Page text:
If you've spent any time looking for the right connector to use in a smartphone or other mobile device, you might believe that all fine-pitch, low-profile connectors are created equal. But they're not.
In spite of similarities in package size and pitch, at least on their datasheets, these connectors differ in subtle ways that can affect their reliability during the assembly process and in use. Here are the key technical factors to consider when looking for a reliable connector for use in mobile devices:
Tolerates mechanical forces. The board-to-board and board-to-FPC connections within mobile devices have to withstand substantial forces, from insertion forces during assembly to shock and vibration forces in use. A robust contact geometry is the first line of defense against these forces.
Contains the solder. The low-profile connectors used in mobile devices are susceptible to damage from solder rise. The best connectors will provide an integrated nickel barrier to keep the solder in its place.
Resists corrosion. Corrosive gases generated during the assembly process can damage connectors, ultimately shortening their life. Look for connectors with an anti-corrosion surface treatment.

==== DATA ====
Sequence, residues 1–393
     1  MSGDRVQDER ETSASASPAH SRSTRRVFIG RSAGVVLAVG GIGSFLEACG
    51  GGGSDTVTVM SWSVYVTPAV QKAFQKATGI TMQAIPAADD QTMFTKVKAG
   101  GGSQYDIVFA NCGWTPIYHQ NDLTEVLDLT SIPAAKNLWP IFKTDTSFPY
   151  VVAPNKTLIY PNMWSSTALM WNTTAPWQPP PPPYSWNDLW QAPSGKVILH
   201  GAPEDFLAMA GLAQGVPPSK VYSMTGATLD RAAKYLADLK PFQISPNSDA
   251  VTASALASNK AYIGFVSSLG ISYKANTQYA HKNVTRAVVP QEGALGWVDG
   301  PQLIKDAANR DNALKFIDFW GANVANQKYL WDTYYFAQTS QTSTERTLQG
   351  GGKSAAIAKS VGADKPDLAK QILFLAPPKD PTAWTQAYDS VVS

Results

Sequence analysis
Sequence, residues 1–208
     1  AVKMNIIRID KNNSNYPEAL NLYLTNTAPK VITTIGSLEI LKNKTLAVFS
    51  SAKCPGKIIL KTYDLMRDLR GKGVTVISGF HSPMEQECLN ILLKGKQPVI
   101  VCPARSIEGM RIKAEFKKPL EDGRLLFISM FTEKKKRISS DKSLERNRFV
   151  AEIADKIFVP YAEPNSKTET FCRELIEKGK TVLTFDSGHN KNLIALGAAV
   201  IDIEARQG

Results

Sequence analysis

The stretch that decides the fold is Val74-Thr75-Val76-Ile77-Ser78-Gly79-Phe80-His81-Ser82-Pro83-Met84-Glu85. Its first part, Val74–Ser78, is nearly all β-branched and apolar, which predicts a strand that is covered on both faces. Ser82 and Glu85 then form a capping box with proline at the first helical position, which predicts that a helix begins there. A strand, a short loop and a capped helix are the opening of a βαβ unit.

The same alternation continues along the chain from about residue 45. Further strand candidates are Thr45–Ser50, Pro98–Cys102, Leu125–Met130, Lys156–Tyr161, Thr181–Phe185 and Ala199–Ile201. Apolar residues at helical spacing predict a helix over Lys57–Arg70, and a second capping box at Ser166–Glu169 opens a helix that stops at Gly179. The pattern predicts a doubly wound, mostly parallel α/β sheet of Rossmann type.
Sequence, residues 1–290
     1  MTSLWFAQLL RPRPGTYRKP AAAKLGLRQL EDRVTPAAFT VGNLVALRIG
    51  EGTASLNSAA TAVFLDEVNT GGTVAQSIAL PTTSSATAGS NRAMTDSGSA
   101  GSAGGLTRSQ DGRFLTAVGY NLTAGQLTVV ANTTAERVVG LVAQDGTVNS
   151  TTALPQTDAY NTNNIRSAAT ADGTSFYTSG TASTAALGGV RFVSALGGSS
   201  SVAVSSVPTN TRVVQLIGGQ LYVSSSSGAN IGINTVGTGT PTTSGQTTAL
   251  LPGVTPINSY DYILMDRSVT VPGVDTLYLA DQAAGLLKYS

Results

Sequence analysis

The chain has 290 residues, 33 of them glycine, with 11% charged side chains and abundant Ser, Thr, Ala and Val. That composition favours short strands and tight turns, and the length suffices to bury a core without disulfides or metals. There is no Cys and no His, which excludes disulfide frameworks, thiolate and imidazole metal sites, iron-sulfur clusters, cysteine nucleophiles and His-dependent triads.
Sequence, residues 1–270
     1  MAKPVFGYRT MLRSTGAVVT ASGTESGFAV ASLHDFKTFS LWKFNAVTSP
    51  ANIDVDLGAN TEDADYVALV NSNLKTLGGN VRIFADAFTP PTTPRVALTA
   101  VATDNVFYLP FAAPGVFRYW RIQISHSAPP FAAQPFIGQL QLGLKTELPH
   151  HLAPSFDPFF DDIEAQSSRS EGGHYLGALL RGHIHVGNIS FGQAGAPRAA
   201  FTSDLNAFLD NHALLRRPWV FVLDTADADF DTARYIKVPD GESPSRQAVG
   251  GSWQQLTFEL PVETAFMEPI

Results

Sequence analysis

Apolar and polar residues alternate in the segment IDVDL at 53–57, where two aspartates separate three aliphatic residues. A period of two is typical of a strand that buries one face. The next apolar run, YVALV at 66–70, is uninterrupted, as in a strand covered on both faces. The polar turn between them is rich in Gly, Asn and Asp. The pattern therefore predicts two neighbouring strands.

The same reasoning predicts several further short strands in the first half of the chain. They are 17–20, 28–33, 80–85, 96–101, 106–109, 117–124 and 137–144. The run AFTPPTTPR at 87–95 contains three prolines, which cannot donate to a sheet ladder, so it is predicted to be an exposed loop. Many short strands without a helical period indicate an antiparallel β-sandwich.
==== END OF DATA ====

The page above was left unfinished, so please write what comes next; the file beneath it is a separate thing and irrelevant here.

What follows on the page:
Stays in alignment. Coplanarity of the connector pins may not be the most obvious product selection factor, but it directly affects insertion force and the connector’s ability to withstand repeated insertions. Look for connectors with the best coplanarity specs.
I don't know if anyone have you noticed that the charging time may vary according to the quality of connector (charging cable) used. Once during a trip I forgot my iPhone's charging cable so I bought a cheap one for the charging of my cellphone. The cable did work but it took way longer to charge my phone compared to the cable I used back at home (the original cable). In both the cases the source for charging was the same (i.e laptop).
I still can't figure out what may be the reason. It did charge the phone eventually so that means it did work. The charging source was the same in both cases so it leaves us with only two things, either the wire may not be of the same quality or maybe the connection of the wire with ends may not be of the same quality.
This information is quite useful to have, so thanks for the article. The connector might be something that a lot of people don't think about but it's key to ensuring the longevity and chargeability of a mobile device.
A customer who was thermal printing strip steel had a problem: When the strip's speed increased, the thermo printer would catch fire. When he set a flame to a piece of the strip, he couldn't get it to burn. What was the problem?
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